Maternal and infant exposure to environmental phenols as measured in multiple biological matrices

Results of recent national surveys have shown the high prevalence of exposure to bisphenol A (BPA) and triclosan (TCS) among the general population; however biomonitoring data for pregnant women and infants are limited. In the present study, 80 women were recruited from early prenatal clinics and asked to collect urine samples multiple times during pregnancy and once 2-3 months post-partum. Samples of infant urine and meconium as well as breast milk and infant formula were also collected. Biospecimens were analysed by GC-MS/MS for BPA, TCS and triclocarban (TCC). Triclosan was detected in over 80% of the maternal urines (geometric mean (GM): 21.61 ?g/L), 60% of the infant urines (GM: 2.8 ?g/L), 46% of the breast milk and 80% of the meconium samples. Triclocarban was rarely detected in any of the biospecimens. Median total BPA concentrations were 1.21 and 0.24 ?g/L in maternal and infant urines, respectively. Free BPA was detected in only 11% of infant urine samples. The meconium of female infants had significantly higher concentrations of total BPA and TCS than those of males, while no differences were observed in infant urine concentrations by sex. The authors found widespread exposure among pregnant women and infants to environmental phenols, with large inter-individual variability in exposure to triclosan. These data will contribute to the risk assessment of these chemicals, especially in susceptible sub-populations.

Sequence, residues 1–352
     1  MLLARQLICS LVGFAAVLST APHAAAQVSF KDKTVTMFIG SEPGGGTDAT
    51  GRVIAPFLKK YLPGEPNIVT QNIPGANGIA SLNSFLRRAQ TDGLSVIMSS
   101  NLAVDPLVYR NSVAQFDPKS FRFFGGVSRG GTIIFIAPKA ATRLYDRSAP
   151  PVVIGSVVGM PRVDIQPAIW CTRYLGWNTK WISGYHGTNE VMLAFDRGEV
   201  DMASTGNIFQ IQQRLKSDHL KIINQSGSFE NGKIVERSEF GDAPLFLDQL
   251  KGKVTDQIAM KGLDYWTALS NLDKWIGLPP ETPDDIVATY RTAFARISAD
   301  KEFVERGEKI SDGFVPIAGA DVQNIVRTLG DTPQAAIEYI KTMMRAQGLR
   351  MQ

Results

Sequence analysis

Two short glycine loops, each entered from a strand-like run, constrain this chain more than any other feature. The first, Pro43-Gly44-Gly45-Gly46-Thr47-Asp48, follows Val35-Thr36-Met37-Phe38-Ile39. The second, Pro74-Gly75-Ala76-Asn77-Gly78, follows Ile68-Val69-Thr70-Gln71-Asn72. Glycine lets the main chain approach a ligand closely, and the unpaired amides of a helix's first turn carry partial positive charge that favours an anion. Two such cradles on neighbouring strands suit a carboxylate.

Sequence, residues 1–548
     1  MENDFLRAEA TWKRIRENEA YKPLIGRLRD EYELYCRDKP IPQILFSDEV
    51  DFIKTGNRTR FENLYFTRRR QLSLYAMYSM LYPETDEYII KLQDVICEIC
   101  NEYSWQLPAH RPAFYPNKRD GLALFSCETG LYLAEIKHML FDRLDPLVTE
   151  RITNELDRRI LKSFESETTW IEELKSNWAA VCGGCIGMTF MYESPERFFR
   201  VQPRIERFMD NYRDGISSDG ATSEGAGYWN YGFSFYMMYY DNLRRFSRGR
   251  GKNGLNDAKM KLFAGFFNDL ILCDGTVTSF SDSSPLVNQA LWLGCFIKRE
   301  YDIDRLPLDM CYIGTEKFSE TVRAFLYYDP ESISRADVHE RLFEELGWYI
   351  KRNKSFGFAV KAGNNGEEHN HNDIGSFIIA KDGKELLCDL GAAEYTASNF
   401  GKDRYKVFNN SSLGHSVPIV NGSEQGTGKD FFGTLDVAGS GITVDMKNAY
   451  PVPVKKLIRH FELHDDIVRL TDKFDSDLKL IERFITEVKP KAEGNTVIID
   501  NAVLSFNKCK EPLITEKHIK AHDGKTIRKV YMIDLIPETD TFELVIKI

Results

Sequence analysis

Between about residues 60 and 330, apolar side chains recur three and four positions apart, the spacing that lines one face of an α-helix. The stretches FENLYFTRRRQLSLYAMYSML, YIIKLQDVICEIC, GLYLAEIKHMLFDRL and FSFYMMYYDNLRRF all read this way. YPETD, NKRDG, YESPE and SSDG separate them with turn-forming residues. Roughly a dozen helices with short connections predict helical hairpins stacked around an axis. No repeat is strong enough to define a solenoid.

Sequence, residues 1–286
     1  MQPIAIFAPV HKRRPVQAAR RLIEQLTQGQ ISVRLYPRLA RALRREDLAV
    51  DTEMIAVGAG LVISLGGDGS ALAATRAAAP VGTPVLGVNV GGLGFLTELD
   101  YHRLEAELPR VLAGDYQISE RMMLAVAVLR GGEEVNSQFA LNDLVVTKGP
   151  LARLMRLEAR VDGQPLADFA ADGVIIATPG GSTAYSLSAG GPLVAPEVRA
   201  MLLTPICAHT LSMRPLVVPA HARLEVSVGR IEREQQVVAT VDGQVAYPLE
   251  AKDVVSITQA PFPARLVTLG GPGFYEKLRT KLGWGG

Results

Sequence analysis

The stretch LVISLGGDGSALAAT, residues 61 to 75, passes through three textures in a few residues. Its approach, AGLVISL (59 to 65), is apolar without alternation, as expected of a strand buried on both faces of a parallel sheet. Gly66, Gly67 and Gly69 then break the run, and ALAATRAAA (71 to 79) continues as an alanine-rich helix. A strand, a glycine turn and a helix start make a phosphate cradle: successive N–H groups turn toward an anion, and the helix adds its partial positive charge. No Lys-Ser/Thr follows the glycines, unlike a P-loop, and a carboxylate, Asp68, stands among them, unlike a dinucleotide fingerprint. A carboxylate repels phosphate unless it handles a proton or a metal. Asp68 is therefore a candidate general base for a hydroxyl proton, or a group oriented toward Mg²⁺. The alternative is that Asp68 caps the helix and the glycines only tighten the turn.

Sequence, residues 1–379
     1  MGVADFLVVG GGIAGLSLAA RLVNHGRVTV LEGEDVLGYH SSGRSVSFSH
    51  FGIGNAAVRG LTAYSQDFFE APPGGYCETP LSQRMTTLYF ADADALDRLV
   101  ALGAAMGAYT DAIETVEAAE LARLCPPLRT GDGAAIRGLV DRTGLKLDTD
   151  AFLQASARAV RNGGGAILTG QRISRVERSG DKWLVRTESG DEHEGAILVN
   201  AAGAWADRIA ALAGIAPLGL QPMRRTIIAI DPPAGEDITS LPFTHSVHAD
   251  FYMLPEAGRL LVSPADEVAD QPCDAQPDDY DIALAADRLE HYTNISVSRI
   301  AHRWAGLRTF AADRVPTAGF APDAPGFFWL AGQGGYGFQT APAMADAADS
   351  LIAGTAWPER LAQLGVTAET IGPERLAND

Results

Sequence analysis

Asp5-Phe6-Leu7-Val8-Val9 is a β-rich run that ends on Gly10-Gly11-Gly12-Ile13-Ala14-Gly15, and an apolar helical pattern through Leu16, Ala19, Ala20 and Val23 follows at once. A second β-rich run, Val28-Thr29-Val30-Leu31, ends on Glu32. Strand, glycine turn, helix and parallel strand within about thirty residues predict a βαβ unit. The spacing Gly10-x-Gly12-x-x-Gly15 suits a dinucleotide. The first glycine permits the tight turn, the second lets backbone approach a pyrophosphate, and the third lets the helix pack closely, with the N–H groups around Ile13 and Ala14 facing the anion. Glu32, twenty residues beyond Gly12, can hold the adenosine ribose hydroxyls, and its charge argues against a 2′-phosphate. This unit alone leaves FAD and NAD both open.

Authors: Arbuckle TE, Weiss L, Fisher M, Hauser R, Dumas P, Bérubé R, Neisa A, LeBlanc A, Lang C, Ayotte P, Walker M, Feeley M, Koniecki D, Tawagi G. ;Full Source: Science of the Total Environment. 2015 Mar 1;508:575-84. doi: 10.1016/j.scitotenv.2014.10.107. Epub 2014 Dec 4. ;